Many moons ago, my friend turned to me and asked, “but what do you do when you are bored?” She was referring to the fact that I rarely called her or any of the other girls to chat. I don’t remember ever being bored as a kid, and the thought of picking up the phone for some small talk had never even entered my mind.
As a teen, my room was full of books, art work, and many little creations. I could spend hours upon hours alone cutting up old clothes, painting furniture and redecorating. Later on, most of my creations were online. Rather than learning how to code, I played around with illustrator, wrote pages and pages of (mostly private) blog type entries and figured out this social media thing.
Social networks offered people a way to chat to interesting strangers, all from the safety of your own home. While my friends stuck to chatting with their established social circles over Facebook, I would spend hours on Twitter talking to people in Austria, Seattle, Quebec (I’ve since moved here), Vancouver and others. This means no boring small talk about the weather, and none of the awkwardness of meeting a group of strangers at a physical location.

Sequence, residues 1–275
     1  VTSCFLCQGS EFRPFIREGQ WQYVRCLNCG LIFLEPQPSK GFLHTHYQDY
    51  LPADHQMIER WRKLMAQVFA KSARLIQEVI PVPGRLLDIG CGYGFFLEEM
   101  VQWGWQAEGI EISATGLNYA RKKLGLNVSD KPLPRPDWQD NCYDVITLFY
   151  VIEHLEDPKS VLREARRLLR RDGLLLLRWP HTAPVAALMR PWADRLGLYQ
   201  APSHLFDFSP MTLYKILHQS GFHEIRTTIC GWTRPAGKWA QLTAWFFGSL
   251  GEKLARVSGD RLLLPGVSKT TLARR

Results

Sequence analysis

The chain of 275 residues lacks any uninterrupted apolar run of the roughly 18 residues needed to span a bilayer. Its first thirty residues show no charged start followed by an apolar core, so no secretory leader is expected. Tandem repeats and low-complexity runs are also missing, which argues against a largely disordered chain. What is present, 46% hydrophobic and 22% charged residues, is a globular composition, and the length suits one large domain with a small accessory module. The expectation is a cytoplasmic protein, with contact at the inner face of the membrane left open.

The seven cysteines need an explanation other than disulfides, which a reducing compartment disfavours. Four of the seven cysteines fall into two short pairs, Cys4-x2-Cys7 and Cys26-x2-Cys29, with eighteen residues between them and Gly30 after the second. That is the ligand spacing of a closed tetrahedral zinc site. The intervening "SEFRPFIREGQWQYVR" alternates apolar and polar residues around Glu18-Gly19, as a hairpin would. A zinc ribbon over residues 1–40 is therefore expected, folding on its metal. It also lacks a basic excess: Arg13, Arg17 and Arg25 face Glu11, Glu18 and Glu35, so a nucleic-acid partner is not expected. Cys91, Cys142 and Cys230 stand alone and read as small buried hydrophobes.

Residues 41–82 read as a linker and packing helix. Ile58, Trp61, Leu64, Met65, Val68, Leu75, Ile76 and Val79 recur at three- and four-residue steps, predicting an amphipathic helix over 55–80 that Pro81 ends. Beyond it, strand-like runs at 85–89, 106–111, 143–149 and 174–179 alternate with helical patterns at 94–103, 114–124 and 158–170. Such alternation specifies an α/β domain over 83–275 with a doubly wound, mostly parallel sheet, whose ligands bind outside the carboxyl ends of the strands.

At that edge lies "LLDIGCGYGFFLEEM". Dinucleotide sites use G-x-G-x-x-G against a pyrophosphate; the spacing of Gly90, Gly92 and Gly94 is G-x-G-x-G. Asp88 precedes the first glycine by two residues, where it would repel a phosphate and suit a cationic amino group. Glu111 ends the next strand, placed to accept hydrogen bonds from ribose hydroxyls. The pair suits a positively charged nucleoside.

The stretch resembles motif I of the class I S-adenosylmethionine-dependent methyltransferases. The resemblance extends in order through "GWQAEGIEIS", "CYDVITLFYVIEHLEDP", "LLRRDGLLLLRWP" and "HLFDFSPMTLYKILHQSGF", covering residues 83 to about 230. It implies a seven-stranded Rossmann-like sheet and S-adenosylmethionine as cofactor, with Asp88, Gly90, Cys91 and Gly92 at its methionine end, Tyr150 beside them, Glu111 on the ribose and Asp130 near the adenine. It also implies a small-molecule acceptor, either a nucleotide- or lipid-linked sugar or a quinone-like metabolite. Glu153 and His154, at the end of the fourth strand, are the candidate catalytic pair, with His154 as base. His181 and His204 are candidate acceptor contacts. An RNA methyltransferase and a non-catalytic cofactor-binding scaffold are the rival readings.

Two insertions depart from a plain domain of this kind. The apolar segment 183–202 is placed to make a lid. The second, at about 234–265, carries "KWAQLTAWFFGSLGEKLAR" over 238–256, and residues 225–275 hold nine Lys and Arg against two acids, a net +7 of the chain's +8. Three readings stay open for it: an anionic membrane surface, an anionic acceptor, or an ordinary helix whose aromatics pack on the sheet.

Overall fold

Don’t get me wrong, I love meeting new friends, one-on-one, over coffee or lunch. Connecting in real life does in fact strengthen the bond, however, group gatherings strike me as intimidating. While networking events offer the opportunity to make many new connections, as well as catch up with current contacts, often the thought paralyses me.
Be it friends or strangers, the irrational fear of group gatherings sometimes takes over my whole day and can be so overwhelming that I don’t even make it out. Unfortunately, a distant location and the added pressure of a well-meaning friend tend to make things worse. Oddly enough, I thrive at event planning. Being behind the scenes, the agent rather than the actor, is where I shine.
We all need to improvise from time to time, and play according to our strengths. Join me as I figure out my way.
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